Spironolactone and Hair Loss

Spironolactone acts by blocking the action of circulating hormones

Woman standing outside on trail holding black hair looking gloomy
Credits: "xusenru at Pixabay.com"
Share

What Is Spironolactone? 

Spironolactone is a medication that was originally approved by the Food and Drug Administration (FDA) for use in patients with swelling due to heart failure, liver failure, low potassium levels, and other medical conditions. [1] However, spironolactone has been used off-label in the treatment of female pattern hair loss, also known as androgenetic alopecia.

Spironolactone is also known by the brand name Aldactone.

 

How Does Spironolactone Work?

Spironolactone has several modes of action.

Not related to treating hair loss

Spironolactone works on the kidneys’ ability to exchange potassium and sodium to increase the loss of sodium and water, acting as a diuretic.[1] It also increases retention of potassium which is why it is known as a potassium-sparing diuretic. 

Related to hair loss

Spironolactone also has two anti-hormonal effects. First, it blocks the body’s ability to convert testosterone to the hormone dihydrotestosterone (DHT). Second, it blocks the effects that DHT can have on hair. It has been shown that increased levels of DHT are associated with hair loss in women.[2]  

 

What Hair Loss Conditions Does Spironolactone Treat?  

Physicians may use spironolactone off-label to treat hair loss that is related to excessive hormones – in particular hair loss known as female pattern hair loss. Small studies in female pattern hair loss have shown that among women that have taken spironolactone, approximately 75 to 88% had stabilization of their hair loss.[3,4] In one of the studies,[4] women also took another hormone blocker called cyproterone, so the study did not isolate the effects of spironolactone.

Since spironolactone works on hormone related hair loss, it is not likely to be helpful in other forms of hair loss that are not hormone-dependent, such as alopecia areata or telogen effluvium for example.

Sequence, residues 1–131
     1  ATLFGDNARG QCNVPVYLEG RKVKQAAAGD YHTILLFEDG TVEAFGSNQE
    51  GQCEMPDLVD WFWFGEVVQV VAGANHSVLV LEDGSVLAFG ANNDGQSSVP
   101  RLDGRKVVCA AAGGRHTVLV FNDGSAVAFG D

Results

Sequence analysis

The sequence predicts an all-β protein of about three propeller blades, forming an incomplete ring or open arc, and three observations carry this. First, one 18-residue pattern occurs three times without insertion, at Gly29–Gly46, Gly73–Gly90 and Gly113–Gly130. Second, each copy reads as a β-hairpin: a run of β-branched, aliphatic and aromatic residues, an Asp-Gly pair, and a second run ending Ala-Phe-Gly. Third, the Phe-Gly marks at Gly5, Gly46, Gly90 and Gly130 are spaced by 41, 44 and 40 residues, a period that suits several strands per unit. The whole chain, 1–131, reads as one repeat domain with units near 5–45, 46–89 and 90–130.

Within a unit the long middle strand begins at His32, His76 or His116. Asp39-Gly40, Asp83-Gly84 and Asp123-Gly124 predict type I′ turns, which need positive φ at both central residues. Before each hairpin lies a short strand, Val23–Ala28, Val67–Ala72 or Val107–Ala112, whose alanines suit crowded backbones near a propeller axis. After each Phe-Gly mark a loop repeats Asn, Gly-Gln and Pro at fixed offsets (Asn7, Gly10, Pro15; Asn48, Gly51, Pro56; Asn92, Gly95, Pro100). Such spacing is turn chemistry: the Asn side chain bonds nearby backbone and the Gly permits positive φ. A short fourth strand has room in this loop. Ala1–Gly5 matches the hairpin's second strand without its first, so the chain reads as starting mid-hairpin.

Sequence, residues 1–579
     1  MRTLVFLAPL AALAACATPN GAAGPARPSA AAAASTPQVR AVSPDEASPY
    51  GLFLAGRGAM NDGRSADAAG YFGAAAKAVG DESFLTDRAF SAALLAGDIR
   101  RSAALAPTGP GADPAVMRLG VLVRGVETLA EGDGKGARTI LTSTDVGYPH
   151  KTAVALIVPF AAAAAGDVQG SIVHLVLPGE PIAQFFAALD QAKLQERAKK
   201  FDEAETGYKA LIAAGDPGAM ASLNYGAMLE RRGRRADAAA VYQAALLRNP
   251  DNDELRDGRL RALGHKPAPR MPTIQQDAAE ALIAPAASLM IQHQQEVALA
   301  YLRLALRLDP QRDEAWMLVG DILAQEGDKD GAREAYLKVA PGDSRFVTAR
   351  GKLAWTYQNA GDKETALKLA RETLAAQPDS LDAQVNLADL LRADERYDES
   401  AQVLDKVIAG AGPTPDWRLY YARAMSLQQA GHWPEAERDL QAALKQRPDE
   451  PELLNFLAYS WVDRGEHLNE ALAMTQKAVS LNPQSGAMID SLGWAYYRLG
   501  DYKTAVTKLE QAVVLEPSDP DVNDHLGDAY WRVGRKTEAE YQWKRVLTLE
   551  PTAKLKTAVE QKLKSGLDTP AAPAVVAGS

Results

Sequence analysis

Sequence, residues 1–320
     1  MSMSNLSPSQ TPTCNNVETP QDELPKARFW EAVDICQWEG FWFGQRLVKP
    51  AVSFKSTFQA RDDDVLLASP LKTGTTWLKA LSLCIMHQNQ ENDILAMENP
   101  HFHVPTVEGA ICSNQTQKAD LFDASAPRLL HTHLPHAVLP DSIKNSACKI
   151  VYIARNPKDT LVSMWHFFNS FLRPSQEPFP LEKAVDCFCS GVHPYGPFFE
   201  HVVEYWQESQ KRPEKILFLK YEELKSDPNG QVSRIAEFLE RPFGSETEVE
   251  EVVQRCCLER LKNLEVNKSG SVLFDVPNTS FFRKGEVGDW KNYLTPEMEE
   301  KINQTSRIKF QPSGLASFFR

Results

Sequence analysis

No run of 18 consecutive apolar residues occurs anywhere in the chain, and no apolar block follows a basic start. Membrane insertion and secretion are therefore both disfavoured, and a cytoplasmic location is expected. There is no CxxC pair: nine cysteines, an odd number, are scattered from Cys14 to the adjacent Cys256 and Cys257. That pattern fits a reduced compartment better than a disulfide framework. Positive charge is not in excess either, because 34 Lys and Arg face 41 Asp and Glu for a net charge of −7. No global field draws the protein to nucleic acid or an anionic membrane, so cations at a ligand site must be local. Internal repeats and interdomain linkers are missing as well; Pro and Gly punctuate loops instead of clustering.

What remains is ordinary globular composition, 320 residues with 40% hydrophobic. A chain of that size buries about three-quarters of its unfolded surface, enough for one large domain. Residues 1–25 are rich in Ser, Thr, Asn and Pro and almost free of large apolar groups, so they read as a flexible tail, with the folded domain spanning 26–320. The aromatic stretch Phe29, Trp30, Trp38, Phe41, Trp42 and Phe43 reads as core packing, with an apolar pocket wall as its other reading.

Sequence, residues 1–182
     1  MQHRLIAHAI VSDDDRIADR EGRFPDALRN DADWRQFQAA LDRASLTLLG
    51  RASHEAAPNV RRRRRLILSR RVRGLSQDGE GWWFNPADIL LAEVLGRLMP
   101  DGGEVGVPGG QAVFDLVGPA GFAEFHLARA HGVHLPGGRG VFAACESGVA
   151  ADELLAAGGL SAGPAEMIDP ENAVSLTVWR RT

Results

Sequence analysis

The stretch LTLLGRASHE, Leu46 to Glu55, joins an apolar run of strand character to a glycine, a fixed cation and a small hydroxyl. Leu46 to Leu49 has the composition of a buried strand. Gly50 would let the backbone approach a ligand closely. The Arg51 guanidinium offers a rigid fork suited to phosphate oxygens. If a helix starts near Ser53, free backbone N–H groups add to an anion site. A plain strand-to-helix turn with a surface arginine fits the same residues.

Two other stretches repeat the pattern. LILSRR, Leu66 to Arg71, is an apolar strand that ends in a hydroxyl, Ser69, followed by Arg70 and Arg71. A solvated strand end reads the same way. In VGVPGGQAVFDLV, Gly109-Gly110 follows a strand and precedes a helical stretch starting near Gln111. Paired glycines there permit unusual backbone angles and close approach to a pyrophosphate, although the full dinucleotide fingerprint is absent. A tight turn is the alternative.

How Is Spironolactone Administered? 

Spironolactone is an oral medication that is taken daily. The doses can range from as low as 25 mg up to 200 mg daily. The actual dose that is used should be discussed with a physician.  

What Are the Common Side Effects and Risks of Spironolactone?

Spironolactone’s most common side effects include the following:

  • Urination: Since the medication is a diuretic, it can increase the need to urinate.
  • Vaginal spotting
  • Breast tenderness
  • Headaches: Drinking water regularly may reduce these headaches in some women.
  • Increased potassium levels: Since this medication is a potassium-sparing diuretic, it can increase potassium levels. In healthy women younger than 45 years of age, researchers showed that checking potassium levels in the blood while taking the medication was not necessary.[5] A practitioner may still elect to check potassium levels regularly. 

The medication should be used carefully or not used at all in those with kidneys that do not work normally, as this can lead to dangerously high potassium levels.

Pregnancy

Spironolactone is graded as a class C pregnancy medication, indicating that a risk to a developing fetus cannot be ruled out. It is possible that spironolactone causes feminization of a developing fetus because it blocks conversion of testosterone to DHT and blocks the function of DHT. 

Lactation

Spironolactone is considered acceptable to use while breast-feeding.[6]

 

What Else Should You Know? 

If you tend to be very active in athletics and consume large amounts of potassium replenishing drinks or foods, you should let your physician or practitioner know. 

 

 

Please consult a qualified health care provider/physician to discuss how the information discussed here may be appropriate for your skin care. For any drugs discussed here, please consult the drug package insert for complete prescribing information and for complete information regarding side effects.

 

* This Website is for general skin beauty, wellness, and health information only. This Website is not to be used as a substitute for medical advice, diagnosis or treatment of any health condition or problem. The information provided on this Website should never be used to disregard, delay, or refuse treatment or advice from a physician or a qualified health provider.

See additional information.

References

  1. Link to research. Accessed December 31, 2016.
  2. Price VH. Androgenetic alopecia in women. J Investig Dermatol Symp Proc.2003;8(1):24-27; PMID: 12894991.
  3. Famenini S, Slaught C, Duan L, et al. Demographics of women with female pattern hair loss and the effectiveness of spironolactone therapy. J Am Acad Dermatol.2015;73(4):705-706; PMID: 26369846.
  4. Sinclair R, Wewerinke M, Jolley D. Treatment of female pattern hair loss with oral antiandrogens. Br J Dermatol.2005;152(3):466-473; PMID: 15787815.
  5. Plovanich M, Weng QY, Mostaghimi A. Low Usefulness of Potassium Monitoring Among Healthy Young Women Taking Spironolactone for Acne. JAMA Dermatol.2015;151(9):941-944; PMID: 25796182.
  6. Link to research. Accessed December 31, 2016.